|MacMurray gets lost in the sewers of Paris!|
BON VOYAGE! (1962). Director: James Neilson.
Indiana native Harry Willard (Fred MacMurray), his wife, Katie (Jane Wyman), his teenage son, Elliott (Tommy Kirk), and daughter, Amy (Deborah Walley), plus youngest son, Skipper (Kevin Corcoran), travel by boat to Paris and the Riviera and have a series of misadventures. It's a question why the Disney studio often took light fare for the whole family and made such films over two hours long [at least In Search of the Castaways, which was loaded with incident, was under two hours]. In any case the movie does have some surprises even though much of it is predictable: Harry and Elliott both encounter the same French hooker [in a sixties Disney movie!], and Harry gets good and drunk at a party. Amy has an on-again/off-again romance with a wealthy young man named Nick (Michael Callan of Mysterious Island) but it's a question what such a sophisticated fellow with gorgeous French girlfriends would see in a sweet but virginal "drip" like her. When Katie tells hubby that "it's important Amy find out she's a vital, warm-blooded young woman" due to her hormonal reaction to Nick, it's almost as if she were afraid her daughter was gay. Many of the sequences go on for too long, and some discussions about the children are repeated too often, but at least there are some genuinely funny moments, especially a sequence at a casino. Katie is pursued by a middle-aged Lothario; Elliott pursues various young females [the mother of one of whom wants to extort money from Harry]; and Harry gets lost in the sewers of Paris during a tour [during which young Skipper has to take a pee -- at least an appropriate place!]. MacMurray and Wyman are old pros who know just now to handle this material, and the others, particularly Callan, are all on the mark. One admirable thing about the movie is that it doesn't knock Europe or make traveling to other countries out to be some terrible, dull thing; the Willards appreciate the art, culture, and beauty of Paris.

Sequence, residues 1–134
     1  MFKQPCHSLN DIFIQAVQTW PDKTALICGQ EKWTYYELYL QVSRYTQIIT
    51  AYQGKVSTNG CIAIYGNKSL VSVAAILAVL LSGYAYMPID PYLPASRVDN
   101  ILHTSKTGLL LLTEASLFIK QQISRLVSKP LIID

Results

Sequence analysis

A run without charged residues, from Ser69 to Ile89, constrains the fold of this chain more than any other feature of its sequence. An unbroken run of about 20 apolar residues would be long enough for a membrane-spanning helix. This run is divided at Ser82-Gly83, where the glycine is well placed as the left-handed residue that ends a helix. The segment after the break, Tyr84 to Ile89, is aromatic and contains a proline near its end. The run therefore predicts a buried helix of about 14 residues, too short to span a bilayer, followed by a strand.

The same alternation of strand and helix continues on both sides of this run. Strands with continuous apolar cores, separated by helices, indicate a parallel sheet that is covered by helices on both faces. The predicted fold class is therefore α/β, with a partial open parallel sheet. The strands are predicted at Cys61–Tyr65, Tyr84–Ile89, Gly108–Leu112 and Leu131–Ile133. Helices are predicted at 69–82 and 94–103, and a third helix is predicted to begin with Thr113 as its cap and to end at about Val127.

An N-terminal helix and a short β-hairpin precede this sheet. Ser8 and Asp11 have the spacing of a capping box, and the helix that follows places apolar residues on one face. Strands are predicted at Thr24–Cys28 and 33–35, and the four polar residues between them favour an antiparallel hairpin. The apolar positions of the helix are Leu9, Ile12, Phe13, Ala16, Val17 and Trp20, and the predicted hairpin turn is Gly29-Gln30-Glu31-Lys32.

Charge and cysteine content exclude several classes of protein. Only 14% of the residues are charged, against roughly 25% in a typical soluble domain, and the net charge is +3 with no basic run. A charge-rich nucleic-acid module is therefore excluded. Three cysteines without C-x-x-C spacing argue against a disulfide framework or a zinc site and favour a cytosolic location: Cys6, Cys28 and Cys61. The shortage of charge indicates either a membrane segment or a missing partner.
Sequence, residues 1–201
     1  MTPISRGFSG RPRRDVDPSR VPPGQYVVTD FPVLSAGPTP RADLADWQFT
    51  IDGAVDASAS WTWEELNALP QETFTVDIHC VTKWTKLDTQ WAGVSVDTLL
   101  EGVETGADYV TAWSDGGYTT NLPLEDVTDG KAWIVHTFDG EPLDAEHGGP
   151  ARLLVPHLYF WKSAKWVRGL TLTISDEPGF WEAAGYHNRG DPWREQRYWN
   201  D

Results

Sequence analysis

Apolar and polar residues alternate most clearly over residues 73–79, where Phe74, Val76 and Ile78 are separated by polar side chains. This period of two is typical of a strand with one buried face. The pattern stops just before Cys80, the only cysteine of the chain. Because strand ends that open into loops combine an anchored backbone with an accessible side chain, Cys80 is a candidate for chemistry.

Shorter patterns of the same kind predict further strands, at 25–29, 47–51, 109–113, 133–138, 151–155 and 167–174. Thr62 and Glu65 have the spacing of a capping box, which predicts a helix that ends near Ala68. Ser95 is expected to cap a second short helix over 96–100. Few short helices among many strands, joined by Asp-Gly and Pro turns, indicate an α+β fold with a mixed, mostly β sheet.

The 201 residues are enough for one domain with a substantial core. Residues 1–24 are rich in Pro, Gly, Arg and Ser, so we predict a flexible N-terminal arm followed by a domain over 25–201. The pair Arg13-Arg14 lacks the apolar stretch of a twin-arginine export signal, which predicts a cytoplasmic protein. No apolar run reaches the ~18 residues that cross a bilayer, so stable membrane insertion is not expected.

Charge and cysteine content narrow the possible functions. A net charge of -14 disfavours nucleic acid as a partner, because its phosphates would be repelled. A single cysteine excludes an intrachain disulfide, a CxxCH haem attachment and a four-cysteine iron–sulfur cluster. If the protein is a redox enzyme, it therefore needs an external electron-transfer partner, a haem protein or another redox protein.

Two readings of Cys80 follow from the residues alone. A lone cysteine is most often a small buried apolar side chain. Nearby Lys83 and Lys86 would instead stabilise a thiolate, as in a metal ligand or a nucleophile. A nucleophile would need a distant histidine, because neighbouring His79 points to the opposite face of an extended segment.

Verdict: Amiable if distinctly minor comedy with some funny sequences. **1/2.